Many of us working in technology-driven industries like to think that we will change the world.
Sometimes it's just a grand delusion that we tell ourselves or anyone who would listen, but, once in a while, it's actually true and something we create does change the world completely.
At that time, "modern" cities looked like this – buildings flanking dirt or cobblestone streets with horse-drawn carriages going every which way, leaving manure all over the place, with people weaving through it all. The good ol' days.
Over a hundred years later, our cities now look more like this – sprawling buildings along endless asphalt roads that are often clogged with that modern byproduct of the automobile, traffic.
It took a long time for this innovative technology to change the world. In the early days, the automobile was considered to be a dangerous, children-murdering, mechanical toy for the rich. Back then, streets were commonly used as a place to hang out and play, and when automobiles started traveling at previously unheard of speeds, deadly accidents happened.
Society had to learn to both accept and want it, entire ecosystems had to be created to support it, and policies had to be put in place to allow these machines to integrate into our lives and, ultimately, change it.
In a previous post called User Delight I described a framework for thinking about designing delightful user experiences. This Venn diagram shows the conceptual relationships of Useful, Usable, and Beautiful that combine to create Delight:
- Useful: fulfills a user need. It adds value and provides utility.
- Usable: easy to use, intuitive, easy to learn.
- Beautiful: aesthetically and emotionally pleasing.
Together they create the conditions for Delightful user experiences. You really need all three as the lack of any one creates a sub-optimal condition.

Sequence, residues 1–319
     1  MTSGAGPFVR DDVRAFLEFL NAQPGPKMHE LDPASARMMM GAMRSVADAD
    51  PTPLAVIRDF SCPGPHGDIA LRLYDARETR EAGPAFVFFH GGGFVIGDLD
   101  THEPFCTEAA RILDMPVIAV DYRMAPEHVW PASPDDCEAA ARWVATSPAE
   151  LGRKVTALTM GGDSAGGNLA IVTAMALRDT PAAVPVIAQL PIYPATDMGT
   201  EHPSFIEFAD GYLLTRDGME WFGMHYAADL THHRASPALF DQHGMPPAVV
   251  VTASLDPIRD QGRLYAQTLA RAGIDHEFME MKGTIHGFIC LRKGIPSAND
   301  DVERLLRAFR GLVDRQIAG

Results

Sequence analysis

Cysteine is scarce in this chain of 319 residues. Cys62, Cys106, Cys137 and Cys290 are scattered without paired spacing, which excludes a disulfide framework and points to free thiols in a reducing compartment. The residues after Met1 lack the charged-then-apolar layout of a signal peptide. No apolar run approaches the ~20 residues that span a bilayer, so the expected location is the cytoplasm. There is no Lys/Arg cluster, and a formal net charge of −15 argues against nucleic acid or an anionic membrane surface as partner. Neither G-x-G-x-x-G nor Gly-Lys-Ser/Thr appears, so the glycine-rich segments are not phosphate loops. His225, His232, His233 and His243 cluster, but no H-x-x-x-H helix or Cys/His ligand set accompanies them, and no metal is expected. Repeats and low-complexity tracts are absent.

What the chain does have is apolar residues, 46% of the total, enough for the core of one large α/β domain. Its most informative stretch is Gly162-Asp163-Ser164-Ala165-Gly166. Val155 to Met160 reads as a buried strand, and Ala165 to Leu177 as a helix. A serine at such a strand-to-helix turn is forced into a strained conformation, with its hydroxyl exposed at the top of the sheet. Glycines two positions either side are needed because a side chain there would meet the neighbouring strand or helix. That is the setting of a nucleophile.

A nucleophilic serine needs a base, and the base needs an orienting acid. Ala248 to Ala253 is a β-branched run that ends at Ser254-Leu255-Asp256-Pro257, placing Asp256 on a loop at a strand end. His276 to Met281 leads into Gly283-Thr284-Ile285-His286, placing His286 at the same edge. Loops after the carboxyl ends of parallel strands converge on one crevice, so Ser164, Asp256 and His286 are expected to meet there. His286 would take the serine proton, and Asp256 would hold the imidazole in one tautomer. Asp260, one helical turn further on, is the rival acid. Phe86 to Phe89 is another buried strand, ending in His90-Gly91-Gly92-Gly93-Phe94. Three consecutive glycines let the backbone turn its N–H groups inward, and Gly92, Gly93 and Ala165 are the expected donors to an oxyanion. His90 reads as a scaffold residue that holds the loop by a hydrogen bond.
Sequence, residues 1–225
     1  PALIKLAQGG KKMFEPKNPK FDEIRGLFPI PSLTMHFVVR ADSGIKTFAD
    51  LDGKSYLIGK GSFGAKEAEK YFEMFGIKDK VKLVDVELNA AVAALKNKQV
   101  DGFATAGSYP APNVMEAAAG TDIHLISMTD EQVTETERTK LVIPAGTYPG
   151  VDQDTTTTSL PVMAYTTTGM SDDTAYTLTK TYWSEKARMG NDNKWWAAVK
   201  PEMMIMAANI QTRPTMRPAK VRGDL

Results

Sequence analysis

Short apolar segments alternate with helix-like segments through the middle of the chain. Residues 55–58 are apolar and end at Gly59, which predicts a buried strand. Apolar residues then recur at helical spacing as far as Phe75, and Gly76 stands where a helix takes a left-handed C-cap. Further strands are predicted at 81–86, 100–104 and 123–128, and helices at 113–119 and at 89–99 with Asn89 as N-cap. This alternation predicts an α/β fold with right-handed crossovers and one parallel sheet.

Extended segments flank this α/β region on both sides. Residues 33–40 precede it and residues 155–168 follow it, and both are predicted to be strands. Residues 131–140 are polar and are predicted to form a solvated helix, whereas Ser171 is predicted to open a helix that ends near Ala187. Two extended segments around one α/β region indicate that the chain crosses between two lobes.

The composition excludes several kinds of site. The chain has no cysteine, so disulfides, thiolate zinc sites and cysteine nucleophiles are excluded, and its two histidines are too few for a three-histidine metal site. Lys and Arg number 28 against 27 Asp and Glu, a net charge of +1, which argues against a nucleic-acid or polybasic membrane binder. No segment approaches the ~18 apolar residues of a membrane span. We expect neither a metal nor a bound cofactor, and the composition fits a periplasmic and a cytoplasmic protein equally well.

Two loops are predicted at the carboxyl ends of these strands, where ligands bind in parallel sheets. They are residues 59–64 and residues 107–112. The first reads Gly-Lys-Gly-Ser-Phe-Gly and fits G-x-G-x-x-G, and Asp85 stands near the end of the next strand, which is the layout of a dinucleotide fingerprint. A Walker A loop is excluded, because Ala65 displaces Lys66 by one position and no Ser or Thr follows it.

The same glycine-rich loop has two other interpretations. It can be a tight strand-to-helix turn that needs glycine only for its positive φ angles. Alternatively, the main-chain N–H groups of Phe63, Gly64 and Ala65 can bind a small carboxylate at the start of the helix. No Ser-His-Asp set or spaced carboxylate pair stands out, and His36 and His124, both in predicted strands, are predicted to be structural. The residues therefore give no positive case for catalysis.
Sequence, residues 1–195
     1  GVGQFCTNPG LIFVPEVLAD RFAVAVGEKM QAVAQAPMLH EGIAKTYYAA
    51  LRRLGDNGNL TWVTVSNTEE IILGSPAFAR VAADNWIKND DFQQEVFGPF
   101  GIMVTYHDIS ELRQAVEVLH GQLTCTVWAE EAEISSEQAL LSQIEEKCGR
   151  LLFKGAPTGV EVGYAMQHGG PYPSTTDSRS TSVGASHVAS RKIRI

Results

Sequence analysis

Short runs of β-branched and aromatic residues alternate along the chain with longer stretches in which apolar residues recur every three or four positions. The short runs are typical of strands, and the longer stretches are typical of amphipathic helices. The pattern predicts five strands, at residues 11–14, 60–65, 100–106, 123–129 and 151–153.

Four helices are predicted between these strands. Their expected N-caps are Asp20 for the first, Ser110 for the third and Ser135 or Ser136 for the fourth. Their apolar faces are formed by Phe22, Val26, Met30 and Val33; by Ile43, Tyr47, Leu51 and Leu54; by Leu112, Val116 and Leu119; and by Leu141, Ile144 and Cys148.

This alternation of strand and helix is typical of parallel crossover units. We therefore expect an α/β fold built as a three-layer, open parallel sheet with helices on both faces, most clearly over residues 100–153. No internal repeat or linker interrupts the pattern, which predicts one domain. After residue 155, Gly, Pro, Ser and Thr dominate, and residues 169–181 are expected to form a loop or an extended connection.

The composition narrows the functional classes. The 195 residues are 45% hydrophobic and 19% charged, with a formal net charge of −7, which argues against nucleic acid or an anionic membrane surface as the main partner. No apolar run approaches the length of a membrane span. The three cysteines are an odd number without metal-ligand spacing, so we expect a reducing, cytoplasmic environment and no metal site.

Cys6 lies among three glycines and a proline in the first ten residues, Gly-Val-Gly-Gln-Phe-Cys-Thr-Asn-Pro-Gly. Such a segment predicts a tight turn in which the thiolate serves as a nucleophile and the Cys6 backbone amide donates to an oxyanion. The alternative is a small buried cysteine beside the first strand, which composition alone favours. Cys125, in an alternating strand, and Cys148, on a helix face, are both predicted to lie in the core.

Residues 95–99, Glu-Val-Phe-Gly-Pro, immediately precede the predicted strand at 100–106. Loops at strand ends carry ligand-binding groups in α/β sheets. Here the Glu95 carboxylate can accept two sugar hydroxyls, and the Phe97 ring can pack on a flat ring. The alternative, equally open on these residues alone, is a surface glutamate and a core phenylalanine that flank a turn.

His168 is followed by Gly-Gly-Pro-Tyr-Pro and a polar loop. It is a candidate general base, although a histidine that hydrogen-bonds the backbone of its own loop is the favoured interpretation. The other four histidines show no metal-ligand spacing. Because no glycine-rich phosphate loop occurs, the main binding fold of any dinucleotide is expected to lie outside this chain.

- Without Useful, it's just frivolous.
- Without Usable it's just frustrating.
- Without Beauty it's functional.
As much as I'd like to say that by doing the above is good enough, it may not be.
I have had the chance to live with Google Glass for a bit. If you ignore its current product limitations (horrible battery life, protruding camera & lens among them), it would likely still fail because of how it made other people feel. Even if and when the tech becomes invisible, managing the societal expectations for having an always-on camera on your face will be a challenge and require explicit and implicit guidelines.
Our collective cultural beliefs and expectations need to want, or at least accept, the change that we want to happen; if society is ambivalent or hostile to it, it’s nigh impossible to have broad impact. To design for society means designing for:
- Aspiration: is it something people would want?
- Connection: does it create or enable connections with other people?
- Trust: will people place their confidence in it?
Popular media is a powerful influencer for creating aspiration; it's why advertising and marketing are such massive industries. Movies and TV also shape our expectations. After Minority Report came out in 2002, anyone working on user interfaces had to contend with the request to deliver that gesture interface.